Four-page spread for Universal’s new King Kong ride overtakes paper
The L.A. Times is at it again, allowing an advertiser to overtake an editorial section.
On Thursday, the paper published a fake four-page wrap-around advertising section designed to look like the paper's LATEXTRA section, which was buried inside.
The front page headline reads “Universal Studios Hollywood Partially Destroyed” (a story bylined by Kevin Chesley, special advertising sections writer) with interior stories: “Colossal Footprints Found,” “Mysterious Gaping Hole Found in Ocean Liner,” “Dodger Stadium Heavily Battered,” “'H' from Hollywood Sign Found.”
All of it was an advertisement for the refurbished King Kong ride, which opens Thursday. The last page of the section is a full-page ad for the ride.
The pages are clearly labeled as advertisements.
A spokesperson for the Times said the content is "intended to build excitement for the King Kong experience." The paper wouldn't discuss ad costs.
A representative for Universal did not immediately return a request for comment.
“We worked very closely with Disney to come up with an exceptional and distinctive way to help them open ‘Alice in Wonderland,’” John Conroy, a spokesman for the Times, told TheWrap that month. “It was designed to create buzz, and to extend the film’s already brilliant marketing campaign. “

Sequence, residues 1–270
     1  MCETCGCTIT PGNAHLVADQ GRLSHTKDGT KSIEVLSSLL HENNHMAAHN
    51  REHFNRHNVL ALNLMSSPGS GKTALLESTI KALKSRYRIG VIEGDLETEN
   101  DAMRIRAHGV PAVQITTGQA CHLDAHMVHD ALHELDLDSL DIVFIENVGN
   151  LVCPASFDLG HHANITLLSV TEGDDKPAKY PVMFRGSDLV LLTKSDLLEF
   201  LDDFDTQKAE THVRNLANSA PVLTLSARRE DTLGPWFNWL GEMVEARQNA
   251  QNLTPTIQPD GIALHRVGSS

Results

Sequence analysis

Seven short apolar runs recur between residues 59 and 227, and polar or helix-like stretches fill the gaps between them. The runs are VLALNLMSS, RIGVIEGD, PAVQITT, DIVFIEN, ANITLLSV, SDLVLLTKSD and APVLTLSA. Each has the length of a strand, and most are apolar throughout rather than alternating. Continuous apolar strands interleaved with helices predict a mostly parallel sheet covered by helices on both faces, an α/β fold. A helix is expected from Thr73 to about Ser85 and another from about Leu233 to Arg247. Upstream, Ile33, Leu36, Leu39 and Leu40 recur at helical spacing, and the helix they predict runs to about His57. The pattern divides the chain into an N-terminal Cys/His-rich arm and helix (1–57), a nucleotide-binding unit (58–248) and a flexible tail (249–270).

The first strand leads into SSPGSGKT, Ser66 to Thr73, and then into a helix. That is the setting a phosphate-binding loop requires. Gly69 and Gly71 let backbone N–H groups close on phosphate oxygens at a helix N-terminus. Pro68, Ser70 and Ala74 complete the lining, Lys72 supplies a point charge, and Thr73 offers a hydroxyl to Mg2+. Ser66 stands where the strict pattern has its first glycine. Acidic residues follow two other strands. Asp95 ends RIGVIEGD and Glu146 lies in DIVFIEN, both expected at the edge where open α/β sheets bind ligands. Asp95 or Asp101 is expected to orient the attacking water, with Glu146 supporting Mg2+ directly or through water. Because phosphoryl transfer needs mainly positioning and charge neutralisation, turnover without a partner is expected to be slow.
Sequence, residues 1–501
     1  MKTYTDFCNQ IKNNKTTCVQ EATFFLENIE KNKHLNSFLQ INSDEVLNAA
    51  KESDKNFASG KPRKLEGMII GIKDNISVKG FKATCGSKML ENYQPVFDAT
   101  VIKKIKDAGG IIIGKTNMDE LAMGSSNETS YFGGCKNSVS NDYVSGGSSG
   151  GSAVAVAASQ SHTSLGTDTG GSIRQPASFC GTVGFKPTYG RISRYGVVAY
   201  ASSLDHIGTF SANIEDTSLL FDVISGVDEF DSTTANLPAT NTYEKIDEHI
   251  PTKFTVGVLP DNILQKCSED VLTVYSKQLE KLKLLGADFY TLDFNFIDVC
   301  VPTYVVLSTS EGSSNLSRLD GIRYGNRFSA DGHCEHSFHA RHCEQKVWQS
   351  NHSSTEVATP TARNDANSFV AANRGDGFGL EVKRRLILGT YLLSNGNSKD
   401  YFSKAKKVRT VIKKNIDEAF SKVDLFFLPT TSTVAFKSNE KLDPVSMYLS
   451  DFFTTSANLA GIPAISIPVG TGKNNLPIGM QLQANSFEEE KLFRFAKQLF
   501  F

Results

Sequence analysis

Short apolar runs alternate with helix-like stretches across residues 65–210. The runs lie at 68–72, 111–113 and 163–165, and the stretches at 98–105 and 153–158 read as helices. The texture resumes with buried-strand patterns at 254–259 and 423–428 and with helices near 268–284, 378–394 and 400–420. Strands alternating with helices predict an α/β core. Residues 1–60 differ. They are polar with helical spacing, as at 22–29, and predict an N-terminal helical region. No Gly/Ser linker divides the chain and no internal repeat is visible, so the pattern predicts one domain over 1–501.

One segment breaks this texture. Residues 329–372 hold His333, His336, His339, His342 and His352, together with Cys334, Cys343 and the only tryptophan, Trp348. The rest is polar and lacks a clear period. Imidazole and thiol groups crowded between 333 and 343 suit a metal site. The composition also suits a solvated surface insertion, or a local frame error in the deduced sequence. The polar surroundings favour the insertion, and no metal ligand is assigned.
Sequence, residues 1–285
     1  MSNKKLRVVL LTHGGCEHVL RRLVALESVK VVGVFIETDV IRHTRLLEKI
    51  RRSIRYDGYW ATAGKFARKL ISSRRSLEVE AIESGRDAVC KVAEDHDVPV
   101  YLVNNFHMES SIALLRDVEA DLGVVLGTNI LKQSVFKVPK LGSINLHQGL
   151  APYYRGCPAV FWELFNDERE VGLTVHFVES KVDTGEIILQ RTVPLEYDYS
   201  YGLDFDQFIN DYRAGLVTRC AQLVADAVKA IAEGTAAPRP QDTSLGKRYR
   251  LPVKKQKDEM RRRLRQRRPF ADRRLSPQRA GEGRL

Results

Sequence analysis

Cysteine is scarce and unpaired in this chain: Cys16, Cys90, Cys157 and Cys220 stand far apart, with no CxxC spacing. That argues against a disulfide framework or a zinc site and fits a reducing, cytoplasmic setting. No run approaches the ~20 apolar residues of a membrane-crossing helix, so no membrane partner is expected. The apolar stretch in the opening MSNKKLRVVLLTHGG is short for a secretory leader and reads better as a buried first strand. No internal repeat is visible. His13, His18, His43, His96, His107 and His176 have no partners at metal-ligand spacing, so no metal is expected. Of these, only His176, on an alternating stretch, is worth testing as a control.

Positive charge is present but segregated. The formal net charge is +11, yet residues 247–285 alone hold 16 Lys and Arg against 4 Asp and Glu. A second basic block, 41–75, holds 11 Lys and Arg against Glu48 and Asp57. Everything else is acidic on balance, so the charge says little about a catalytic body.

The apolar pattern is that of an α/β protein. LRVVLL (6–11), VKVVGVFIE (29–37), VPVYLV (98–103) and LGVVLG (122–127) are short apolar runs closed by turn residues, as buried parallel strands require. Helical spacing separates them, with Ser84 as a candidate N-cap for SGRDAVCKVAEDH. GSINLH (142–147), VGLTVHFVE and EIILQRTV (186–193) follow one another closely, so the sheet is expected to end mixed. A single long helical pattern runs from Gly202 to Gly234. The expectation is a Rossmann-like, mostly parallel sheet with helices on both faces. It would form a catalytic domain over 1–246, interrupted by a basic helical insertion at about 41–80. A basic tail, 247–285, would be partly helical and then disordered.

In April 2009, the paper stirred controversy by running an ad on its front news page for NBC’s “Southland.” At the time, critics inside the paper and out accused the Times of selling its editorial integrity for an ad, because the ad appeared at a casual glance to be an article.
Dozens of editorial staffers protested, and it ultimately led to the exit of executive editor John Arthur. (Arthur was also critical of an ad for "The Soloist" that was published under the paper's banner.)
The Tribune Company, which owns the Times, is currently in bankruptcy, and the paper has been through several rounds of layoffs since Sam Zell bought it in 2007. And like nearly all newspapers, the Times has had to deal with steep advertising declines to match its circulation.
Two months after the "Southland" incident, HBO bought a front-page wraparound ad for its "True Blood" series. (That deal was struck by Farish, another of the executives promoted by the Times.)
In each case, the studios said the Times had initiated the ad packages.